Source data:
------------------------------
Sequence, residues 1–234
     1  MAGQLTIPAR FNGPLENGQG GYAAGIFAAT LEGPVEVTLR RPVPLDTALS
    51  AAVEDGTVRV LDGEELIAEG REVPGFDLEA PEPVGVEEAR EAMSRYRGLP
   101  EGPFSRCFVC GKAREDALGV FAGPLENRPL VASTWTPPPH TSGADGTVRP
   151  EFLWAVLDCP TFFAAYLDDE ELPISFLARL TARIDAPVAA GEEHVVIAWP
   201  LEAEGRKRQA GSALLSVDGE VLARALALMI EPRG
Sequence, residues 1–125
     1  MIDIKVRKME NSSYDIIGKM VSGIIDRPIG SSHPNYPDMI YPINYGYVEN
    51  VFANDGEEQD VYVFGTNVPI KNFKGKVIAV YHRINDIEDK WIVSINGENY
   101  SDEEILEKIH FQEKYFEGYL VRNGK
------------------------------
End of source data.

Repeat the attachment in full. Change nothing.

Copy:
Sequence, residues 1–234
     1  MAGQLTIPAR FNGPLENGQG GYAAGIFAAT LEGPVEVTLR RPVPLDTALS
    51  AAVEDGTVRV LDGEELIAEG REVPGFDLEA PEPVGVEEAR EAMSRYRGLP
   101  EGPFSRCFVC GKAREDALGV FAGPLENRPL VASTWTPPPH TSGADGTVRP
   151  EFLWAVLDCP TFFAAYLDDE ELPISFLARL TARIDAPVAA GEEHVVIAWP
   201  LEAEGRKRQA GSALLSVDGE VLARALALMI EPRG
Sequence, residues 1–125
     1  MIDIKVRKME NSSYDIIGKM VSGIIDRPIG SSHPNYPDMI YPINYGYVEN
    51  VFANDGEEQD VYVFGTNVPI KNFKGKVIAV YHRINDIEDK WIVSINGENY
   101  SDEEILEKIH FQEKYFEGYL VRNGK